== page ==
My first two notes about the intsersection of parenting and gender revealed that I was typing out of my depth. I would like to try one more time, having read all of the comments and thought some more about it, if only to try, try again.
After my first post, there was a commenting consensus that I needed help. Some commenters believed that my writing intentionally obscured my thoughts because of my insecure ignorance of gender theory. Some commenters believed that my writing intentionally obscured my thoughts because I was a self-justifying misogynist. The truth is, I am a well-meaning boy feminist who wrote with insecure, inarticulate ignorance because he feared that being more explicit would, indeed, sound worse. How wrong I was! So I’d like to return, optimistically.
I am committed to women having full, substantive, equal social status with men. Politically, economically, socially. But moreso, I believe that there are very few if any traits that are essential to biological male and female as social beings. That is, I believe that concepts of gender, of man and woman, are socially constructed. That is, people and power relations made it up. I want to raise a family with a partner who also believes these things.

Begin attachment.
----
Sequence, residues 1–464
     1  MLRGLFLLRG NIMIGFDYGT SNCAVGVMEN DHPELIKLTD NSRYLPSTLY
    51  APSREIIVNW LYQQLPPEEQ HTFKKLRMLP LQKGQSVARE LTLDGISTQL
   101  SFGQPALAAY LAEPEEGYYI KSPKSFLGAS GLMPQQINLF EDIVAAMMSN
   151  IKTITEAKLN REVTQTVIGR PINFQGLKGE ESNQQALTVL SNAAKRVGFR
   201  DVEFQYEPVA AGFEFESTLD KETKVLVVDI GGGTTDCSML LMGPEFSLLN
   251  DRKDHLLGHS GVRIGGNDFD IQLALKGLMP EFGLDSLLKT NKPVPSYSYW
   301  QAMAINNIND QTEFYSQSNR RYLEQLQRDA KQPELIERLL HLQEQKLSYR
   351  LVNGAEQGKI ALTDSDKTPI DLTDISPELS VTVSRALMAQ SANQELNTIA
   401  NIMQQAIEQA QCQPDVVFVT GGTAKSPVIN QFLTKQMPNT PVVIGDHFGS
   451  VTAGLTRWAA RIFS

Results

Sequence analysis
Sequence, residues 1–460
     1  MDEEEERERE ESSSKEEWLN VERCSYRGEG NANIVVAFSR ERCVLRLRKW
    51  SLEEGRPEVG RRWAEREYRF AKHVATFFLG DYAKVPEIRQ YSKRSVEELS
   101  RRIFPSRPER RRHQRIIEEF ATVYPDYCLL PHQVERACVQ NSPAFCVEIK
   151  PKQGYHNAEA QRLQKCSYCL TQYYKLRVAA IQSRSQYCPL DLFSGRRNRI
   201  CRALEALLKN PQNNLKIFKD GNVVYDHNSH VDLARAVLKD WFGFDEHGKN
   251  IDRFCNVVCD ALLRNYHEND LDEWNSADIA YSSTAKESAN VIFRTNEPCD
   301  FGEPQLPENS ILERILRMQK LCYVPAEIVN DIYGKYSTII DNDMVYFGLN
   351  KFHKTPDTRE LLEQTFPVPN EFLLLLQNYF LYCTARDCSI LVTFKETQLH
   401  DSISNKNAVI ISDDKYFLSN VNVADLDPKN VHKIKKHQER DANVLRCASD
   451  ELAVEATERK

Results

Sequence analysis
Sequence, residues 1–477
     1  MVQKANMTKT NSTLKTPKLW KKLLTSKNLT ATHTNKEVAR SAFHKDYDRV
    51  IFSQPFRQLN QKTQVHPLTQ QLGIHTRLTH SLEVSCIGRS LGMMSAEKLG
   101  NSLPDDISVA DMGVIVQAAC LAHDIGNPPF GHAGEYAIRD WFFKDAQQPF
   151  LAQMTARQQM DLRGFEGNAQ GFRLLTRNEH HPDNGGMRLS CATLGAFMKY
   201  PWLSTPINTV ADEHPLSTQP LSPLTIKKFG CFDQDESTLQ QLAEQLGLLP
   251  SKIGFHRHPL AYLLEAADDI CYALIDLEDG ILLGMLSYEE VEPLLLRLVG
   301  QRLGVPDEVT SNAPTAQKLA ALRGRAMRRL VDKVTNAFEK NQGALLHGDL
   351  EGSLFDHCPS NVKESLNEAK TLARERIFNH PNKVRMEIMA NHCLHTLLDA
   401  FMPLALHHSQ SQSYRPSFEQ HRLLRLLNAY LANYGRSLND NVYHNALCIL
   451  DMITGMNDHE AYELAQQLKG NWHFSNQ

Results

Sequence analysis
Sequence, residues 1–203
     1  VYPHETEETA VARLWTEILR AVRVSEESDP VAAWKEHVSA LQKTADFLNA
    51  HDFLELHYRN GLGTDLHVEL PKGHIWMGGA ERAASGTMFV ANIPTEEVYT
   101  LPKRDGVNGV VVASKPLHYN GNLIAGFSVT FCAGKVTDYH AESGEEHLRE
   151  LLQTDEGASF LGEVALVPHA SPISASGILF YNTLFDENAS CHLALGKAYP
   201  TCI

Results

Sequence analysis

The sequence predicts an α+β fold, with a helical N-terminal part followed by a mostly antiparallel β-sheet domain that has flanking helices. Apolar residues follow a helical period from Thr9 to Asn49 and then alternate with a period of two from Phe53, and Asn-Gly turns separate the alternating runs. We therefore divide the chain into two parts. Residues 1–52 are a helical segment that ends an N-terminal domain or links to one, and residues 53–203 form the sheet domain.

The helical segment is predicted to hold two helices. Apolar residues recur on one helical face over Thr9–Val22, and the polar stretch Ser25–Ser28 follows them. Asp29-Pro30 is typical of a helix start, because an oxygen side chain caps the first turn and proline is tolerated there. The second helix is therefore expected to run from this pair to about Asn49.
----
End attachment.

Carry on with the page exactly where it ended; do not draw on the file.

When I think about raising children with this partner, I am hopeful we will raise our children according to these commitments. Yet I also wonder and worry. I admit to a certain nostalgia for parenting images in my head – the games of dress-up, the playing with make-up, the braiding of hair, those Tonka trucks and little faces covered in shaving cream with pretend-beards. I am skeptical of this nostalgia, and attracted to it. Perhaps there is a reason for parents to know how to do certain things, to be able to teach these things – with the proper, problematized, distance. Perhaps there is a reason for me to want a partner who can do the “girl things” that I cannot do.
I still do not know most things. And some parents after those two early posts have told me I’ll be so busy keeping my children safe and healthy that I’d be lucky to have the luxury of worrying about this stuff. But I think I believe that some of those images are worth recreating – if the child, in a self-directed and authentic way, wants to recreate them – while teaching them that about gender and that they can be the person they truly are. And it is not – should not be – sex-specific. So I’ll learn to braid hair, even as I’m hopeful my partner can help me out. That’s what partners are for. And if my daughter wants to learn how to tie a tie, I can teach her. And if my son wants to learn about make-up – I hope I can be fluent in make-up, too.
A postscript – I’m reminded of this article in the NY Times – Supporting Boys or Girls When the Line Isn’t Clear. And Jill’s comments, here at Feministe.
A postscript – Increasingly, it feels like all of these concerns are with beauty norms – with boys looking like boys and girls with girls. Hence the illuminating discussion in the previous comments.
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